2015 - Volume #39, Issue #3, Page #30[ Sample Stories From This Issue | List of All Stories In This Issue | Print this story | Read this issue]
“Pincher” Turns Tractor Into Log Skidder
The low cost and simplicity of his attachment set it apart from other tractor-mounted skidders (hydraulic grapples start at about $3,000), Repko says. But his biggest focus is on safety.
“The majority of the pulling load is from the tractor drawbar,” he says. The idea is to keep the pulling load below the rear axle on the tractor’s drawbar.”
With the skidder attachment, the operator does everything from the tractor seat. He or she can lower the scissor tongs onto a log until the 1-in. gripping spikes on the tongs are below midpoint, then raise the 3-point hitch and drive away.
“It’s like ice tongs,” Repko says. “The weight of the log keeps the spikes engaged.”
To release the log, simply lower the 3-point, and the spikes release. Drive the tractor forward and the pull chain pulls the tongs clear of the log.
The skidder can handle log diameters up to 22-in., and Repko has tested it with 16 and 38-hp. tractors. Customers have used it on up to 64-hp. tractors. Smaller tractors are limited in the size of logs they can pull, but 25 to 45 hp. tractors are ideal for the skidder. They have enough power and can maneuver better in the woods.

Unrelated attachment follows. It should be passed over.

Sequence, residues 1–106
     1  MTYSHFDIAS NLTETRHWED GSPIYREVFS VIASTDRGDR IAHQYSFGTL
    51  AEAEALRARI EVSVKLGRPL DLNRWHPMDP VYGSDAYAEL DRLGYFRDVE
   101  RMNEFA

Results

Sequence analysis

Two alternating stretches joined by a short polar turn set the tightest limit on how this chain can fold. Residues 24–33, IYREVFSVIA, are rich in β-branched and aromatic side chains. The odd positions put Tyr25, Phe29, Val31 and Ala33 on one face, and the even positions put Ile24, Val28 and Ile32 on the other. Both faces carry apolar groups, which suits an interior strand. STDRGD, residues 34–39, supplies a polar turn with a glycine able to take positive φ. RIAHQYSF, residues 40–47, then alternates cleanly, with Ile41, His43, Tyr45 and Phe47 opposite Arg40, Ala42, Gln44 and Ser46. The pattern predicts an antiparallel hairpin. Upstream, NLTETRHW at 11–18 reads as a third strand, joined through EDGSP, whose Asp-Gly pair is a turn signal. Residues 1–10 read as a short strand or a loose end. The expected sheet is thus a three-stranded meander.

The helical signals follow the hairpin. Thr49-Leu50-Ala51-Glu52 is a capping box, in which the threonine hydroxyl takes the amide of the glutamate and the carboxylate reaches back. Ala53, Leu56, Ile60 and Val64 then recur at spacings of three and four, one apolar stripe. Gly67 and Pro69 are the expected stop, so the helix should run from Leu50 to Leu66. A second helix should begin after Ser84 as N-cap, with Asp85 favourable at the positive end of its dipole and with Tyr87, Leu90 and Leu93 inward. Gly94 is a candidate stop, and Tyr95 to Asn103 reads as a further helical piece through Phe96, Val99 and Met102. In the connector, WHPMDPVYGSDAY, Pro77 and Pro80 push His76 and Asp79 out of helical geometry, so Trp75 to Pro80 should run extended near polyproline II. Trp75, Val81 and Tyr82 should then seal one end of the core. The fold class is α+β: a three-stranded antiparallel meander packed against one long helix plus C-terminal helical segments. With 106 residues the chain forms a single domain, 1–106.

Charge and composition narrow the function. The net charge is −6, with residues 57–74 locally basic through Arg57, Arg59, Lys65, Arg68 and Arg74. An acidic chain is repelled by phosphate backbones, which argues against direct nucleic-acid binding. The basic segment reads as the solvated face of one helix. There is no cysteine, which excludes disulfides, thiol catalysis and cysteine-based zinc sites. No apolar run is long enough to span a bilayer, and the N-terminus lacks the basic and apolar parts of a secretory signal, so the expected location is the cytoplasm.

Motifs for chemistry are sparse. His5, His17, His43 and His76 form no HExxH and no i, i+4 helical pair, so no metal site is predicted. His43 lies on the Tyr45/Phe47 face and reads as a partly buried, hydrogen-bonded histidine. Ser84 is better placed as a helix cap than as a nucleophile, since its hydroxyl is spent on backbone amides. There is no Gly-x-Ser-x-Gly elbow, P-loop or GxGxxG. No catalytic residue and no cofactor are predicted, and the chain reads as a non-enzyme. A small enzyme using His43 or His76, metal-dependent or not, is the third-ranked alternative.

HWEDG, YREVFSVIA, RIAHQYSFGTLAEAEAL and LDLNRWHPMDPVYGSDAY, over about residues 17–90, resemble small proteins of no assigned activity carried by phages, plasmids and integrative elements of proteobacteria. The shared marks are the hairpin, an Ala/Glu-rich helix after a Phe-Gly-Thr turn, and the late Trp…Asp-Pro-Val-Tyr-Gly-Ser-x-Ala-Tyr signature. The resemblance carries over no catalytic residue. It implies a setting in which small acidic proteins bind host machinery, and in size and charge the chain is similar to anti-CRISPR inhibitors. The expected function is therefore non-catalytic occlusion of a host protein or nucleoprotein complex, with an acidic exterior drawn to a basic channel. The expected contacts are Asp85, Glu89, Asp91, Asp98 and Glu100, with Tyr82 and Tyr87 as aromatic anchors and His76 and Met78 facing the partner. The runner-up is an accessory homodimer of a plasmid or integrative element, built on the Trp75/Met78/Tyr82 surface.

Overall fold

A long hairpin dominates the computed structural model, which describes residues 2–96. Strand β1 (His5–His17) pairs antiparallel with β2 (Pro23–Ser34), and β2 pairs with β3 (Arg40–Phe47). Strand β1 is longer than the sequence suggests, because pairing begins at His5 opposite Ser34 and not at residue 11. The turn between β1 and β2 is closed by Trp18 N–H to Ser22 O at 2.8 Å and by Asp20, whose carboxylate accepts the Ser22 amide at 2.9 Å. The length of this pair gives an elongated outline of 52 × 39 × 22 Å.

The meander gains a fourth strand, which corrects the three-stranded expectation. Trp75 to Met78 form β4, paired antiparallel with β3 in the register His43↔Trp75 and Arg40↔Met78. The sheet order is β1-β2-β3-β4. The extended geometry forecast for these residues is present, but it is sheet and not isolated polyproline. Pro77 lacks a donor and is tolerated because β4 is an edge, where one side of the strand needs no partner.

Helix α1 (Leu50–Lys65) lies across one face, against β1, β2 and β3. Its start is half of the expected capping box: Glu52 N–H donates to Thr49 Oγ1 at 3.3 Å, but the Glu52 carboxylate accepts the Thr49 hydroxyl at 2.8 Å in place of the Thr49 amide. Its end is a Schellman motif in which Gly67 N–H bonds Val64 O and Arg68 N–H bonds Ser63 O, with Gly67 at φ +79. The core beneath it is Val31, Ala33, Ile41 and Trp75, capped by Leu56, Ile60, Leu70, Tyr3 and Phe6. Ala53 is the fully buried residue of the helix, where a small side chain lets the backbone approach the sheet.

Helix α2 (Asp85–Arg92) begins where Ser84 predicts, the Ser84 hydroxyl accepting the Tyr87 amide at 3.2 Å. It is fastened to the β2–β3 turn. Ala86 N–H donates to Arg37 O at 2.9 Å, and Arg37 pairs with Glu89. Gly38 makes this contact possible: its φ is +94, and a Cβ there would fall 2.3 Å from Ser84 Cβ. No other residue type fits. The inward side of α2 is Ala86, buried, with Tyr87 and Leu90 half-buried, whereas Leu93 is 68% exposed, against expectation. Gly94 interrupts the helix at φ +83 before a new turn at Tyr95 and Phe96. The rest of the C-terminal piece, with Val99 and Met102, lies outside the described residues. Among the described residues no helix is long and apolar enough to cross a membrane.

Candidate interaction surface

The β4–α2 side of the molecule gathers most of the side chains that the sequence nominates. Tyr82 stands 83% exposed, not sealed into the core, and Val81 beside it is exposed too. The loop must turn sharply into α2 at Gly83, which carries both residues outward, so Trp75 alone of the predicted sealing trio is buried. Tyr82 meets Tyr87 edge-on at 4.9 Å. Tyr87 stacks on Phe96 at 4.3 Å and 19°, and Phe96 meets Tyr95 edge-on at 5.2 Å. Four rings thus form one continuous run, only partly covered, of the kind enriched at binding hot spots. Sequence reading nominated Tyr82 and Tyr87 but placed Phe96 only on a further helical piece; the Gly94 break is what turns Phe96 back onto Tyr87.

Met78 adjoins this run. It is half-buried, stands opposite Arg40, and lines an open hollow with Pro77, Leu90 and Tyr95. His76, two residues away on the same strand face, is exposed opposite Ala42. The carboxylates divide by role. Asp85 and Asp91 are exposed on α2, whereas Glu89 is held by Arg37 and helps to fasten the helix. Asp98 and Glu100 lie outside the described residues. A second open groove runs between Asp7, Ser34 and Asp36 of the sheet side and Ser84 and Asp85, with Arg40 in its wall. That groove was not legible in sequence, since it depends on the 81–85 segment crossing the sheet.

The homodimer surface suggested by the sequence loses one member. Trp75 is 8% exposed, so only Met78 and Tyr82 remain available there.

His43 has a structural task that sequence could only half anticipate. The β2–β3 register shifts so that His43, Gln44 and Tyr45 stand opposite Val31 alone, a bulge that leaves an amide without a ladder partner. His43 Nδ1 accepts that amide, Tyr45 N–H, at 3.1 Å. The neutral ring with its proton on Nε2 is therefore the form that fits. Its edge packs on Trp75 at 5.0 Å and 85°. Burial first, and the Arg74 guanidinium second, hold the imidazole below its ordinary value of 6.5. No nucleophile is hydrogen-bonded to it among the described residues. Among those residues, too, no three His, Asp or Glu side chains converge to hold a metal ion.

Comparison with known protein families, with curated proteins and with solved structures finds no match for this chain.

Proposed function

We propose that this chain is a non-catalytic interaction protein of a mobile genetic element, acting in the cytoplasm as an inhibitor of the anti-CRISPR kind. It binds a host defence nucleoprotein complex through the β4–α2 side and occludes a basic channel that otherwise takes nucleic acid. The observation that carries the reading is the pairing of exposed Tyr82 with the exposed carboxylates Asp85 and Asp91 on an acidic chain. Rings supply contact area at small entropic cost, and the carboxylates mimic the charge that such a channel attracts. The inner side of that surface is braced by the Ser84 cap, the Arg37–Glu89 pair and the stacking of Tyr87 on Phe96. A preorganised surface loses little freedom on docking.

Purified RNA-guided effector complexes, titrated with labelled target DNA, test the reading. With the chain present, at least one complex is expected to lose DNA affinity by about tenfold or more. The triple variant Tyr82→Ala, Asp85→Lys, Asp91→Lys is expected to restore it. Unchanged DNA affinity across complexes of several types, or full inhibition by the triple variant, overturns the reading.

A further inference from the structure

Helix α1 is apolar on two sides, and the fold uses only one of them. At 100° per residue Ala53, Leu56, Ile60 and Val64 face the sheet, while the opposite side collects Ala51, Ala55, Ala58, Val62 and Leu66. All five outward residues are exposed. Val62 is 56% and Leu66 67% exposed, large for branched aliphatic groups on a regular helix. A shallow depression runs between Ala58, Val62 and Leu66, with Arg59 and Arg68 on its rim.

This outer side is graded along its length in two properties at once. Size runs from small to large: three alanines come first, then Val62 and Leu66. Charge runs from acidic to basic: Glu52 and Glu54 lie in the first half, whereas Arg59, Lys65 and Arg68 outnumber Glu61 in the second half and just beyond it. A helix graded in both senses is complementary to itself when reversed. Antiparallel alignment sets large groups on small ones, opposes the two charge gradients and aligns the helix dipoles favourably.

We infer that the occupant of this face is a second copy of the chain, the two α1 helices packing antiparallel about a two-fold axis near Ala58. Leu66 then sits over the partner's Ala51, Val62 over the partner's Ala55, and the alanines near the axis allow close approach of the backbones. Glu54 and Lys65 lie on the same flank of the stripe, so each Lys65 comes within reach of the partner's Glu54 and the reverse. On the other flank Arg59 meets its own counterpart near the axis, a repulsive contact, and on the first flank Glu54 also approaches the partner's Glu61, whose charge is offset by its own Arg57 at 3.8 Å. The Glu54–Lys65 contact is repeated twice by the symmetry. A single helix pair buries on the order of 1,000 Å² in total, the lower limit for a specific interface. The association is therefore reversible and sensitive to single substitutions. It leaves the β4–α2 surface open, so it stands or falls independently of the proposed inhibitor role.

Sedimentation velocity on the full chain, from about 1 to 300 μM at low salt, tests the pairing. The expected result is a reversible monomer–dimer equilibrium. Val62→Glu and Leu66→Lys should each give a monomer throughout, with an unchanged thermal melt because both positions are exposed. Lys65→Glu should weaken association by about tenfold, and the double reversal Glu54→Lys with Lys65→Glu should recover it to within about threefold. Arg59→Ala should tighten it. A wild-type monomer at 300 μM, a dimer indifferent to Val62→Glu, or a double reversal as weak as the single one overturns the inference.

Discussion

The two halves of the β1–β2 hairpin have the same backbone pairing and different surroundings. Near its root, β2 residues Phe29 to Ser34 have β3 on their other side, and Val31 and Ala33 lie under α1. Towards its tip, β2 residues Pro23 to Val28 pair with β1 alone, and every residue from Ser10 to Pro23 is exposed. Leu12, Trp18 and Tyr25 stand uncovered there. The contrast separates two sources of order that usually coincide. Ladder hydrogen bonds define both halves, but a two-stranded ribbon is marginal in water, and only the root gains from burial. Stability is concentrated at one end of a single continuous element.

Repko adds that he uses the skidder in numerous ways such as pulling down hung up trees, lifting entire trees off the ground for easy firewood cutting or limbing, and even log stacking.
One of the things Repko likes most about the skidder is that for most skids he doesn’t have to get off the tractor.
“Poison oak (and blackberry vines) are very prolific in this area,” he notes, from experience cutting 8 to 10 cords of firewood each year. “This tool helps avoid contacting those hazards.”
The skidder has been on the market for 4 years and sold mostly to woodlot owners and woodlot association members. Some have been shipped overseas.
“It’s not intended for large commercial operations, but some have been purchased for small-scale logging,” Repko says.
The attachment is powder-coated and weighs 75 lbs. (Shipping costs vary according to location, but a recent delivery to Maine was about $80.)
Repko also sells optional accessories on his website – quick hitch adapter, drop-on hitch receiver, and a choker and clevis.
Contact: FARM SHOW Followup, Tom Repko, Small Wood Lot Tools, LLC, 2080 Cherry Knoll Rd., Dallas, Ore. 97338 (ph 503 949-2209; www.smallwoodlottools.com; firstname.lastname@example.org).
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